Why Instagram is making me depressed… and probably you too.


Our need to be accepted by people we don’t even know is quite frightening.

I think this blog is moving into slightly dangerous territory as I talk about slightly more personal subjects. But my feeling is if I’m feeling these things then most certainly other people are too. Also these are things that people don’t really talk about in every day conversation. It’s important to at least be aware of what something as normal as Instagram is doing to our state of mind.

What is even the point of Instagram? Well everyone who uses it will give you a different answer but if we boil it down to the fundamentals Instagram is a tool we use to feel better about ourselves. You absolutely have to let all 31 of your followers know what the hell you’re doing every minute of every day. Every picture has to get a certain amount of likes otherwise it’s a failure. No matter if people have liked it because they like everything, liked it by accident or they have given you a pity like. A like is a like, and even though it’s just a number on a page it means so much more to us. So much that if we don’t reach a certain amount of likes we will delete that photo. Isn’t that just wild?

Do you remember back in the day people use to tell you not to worry what other people think about you. Heck, people are still saying that today. But not even just that, as long as you’re happy you shouldn’t worry about what other people think. But what if the majority of our happiness is down to what other people think of us? And that is the problem with Instagram. We’ve become obsessed with stats to the point where we’re all marketers now. What can I do to get more followers, what photo will get me the most likes. This is all normal though. You do get a sense of joy knowing that people are liking what you post. Any form of our own art or creative output, when appreciated by others, is a real self esteem boost. But is this driving your use of the social media platform?

And the problem is much greater than this actually. Because unless we have thousands of followers or just love to keep our friends updated on every facet of our life we will spend the majority of time looking at other people’s posts. And it’s important to remember that all social media is presented to us through a lens… oh and filters… so many filters. Nothing is quite as we see it. But we’re not thinking about this when we see that person standing next to a $1million dollar car or our friend who is travelling the world and taking photos at some pretty crazy locations. Sure all these people seem happy, and their lives look like ones to be desired, but it’s not the full story. Is anyone living a truly happy life? Are these photos truly representative of these people’s lives? Of course not, but we choose what we post and therefore choose what other people see. And it’s crazy to think that we can, to a certain extent, manipulate people’s perceptions of us. You’re posting photos of yourself at these amazing restaurants with friends, but the 6 other nights during the week you microwaved a meal for one at home alone.

And it’s getting to the point now where these people we follow on Instagram don’t look real. Their lives look so manufactured and you just think, do people like this even exist. They post pics in these glamourous locations with captions that are so lifeless and souless a bot could have written it. But these are the people with thousands of followers. The people that young people these days are aspiring to be like but the truth is the majority of us will never lead a life like that. Your butt will never look like that, you’ll never have a house like that and your make up will never look that good. And you can’t compete with people’s who’s job it is to post to Instagram. Even though I am guilty of following a lot of “insta-famous” people the accounts I love the most are ones that feel real. The ones that have photos that are clearly not taken on a £2000 camera. The ones that have a bit of personality and humour.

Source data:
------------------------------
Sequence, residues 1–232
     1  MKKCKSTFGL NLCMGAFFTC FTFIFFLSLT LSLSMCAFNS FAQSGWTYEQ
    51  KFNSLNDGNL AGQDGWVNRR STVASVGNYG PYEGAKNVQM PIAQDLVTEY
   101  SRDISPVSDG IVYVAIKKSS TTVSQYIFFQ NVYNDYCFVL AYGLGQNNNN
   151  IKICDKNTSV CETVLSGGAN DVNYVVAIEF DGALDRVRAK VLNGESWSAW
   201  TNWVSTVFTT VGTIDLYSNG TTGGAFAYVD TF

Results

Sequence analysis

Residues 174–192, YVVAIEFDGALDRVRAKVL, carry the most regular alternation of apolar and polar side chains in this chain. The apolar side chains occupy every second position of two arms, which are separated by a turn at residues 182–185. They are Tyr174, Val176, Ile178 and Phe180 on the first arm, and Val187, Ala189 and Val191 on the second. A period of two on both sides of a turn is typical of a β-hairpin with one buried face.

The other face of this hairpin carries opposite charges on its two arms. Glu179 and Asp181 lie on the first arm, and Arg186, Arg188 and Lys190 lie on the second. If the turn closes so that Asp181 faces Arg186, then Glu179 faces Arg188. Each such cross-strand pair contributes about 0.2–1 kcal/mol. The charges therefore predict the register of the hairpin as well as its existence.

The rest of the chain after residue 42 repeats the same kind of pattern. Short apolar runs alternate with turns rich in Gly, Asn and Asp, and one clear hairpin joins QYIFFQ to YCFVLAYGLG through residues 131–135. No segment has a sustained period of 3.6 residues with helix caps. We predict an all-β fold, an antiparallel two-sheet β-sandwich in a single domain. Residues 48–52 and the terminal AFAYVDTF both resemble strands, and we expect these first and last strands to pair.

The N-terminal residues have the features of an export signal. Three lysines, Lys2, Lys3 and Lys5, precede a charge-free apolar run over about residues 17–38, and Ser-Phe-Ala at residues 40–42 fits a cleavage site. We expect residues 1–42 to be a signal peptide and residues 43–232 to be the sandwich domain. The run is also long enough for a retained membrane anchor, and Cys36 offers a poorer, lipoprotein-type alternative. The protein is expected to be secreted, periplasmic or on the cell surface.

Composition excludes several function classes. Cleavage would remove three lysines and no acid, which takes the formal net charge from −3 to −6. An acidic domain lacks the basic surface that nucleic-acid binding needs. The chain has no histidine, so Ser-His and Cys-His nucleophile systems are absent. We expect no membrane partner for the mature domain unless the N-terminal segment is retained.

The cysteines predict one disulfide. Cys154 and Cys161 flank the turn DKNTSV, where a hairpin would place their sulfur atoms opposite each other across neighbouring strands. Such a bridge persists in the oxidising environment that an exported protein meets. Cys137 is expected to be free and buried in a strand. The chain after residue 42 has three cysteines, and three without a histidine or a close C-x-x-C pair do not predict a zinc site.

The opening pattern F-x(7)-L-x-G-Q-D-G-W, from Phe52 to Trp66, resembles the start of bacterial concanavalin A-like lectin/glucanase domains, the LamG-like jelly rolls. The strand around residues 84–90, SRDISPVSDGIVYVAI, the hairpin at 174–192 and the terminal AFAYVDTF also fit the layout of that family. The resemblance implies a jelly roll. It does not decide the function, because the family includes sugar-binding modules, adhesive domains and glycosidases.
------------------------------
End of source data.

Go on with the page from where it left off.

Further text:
Will I ever stop following the Insta-famuous people though? No. Probably not. It’s hard to escape them and a lot of the time the reason why you follow them is because they possess something you want. It’s like window shopping. We’ve all done it, and even though it isn’t really good for us, longing for things we can’t have, we do it anyway and we’ll never stop.

There is a slightly more positive outlook you can take though. I will say that when I do come across profile’s I like, it may be a really cool photographer, a food blogger, or just a good looking human being, it’s nice to have access to these people. Before Instagram you never really could. But then I guess the downside to this is that it’s not really socially acceptable to just try and become friends with someone on Instagram that you don’t know. Or is it? If you received a message on Instagram from a stranger that was just looking to get to know you better because of your profile, would you been open to that? And we have all become slightly up our own arses. Saying “no DMs” in your bio when you have thousands of followers. Fine fair enough. But saying it when you have 200. Hmmmmm… I don’t know. I guess it’s your profile do what you like but it’s called social media for a reason. I would love to hear of some friendships or relationships that have formed because someone slid into someone elses’s dm’s on Instagram.

So wher
e does it end? How do we live a life on Instagram that doesn’t potentially lead to depression. I don’t bloody know. Seems like anything can make you depressed these days.

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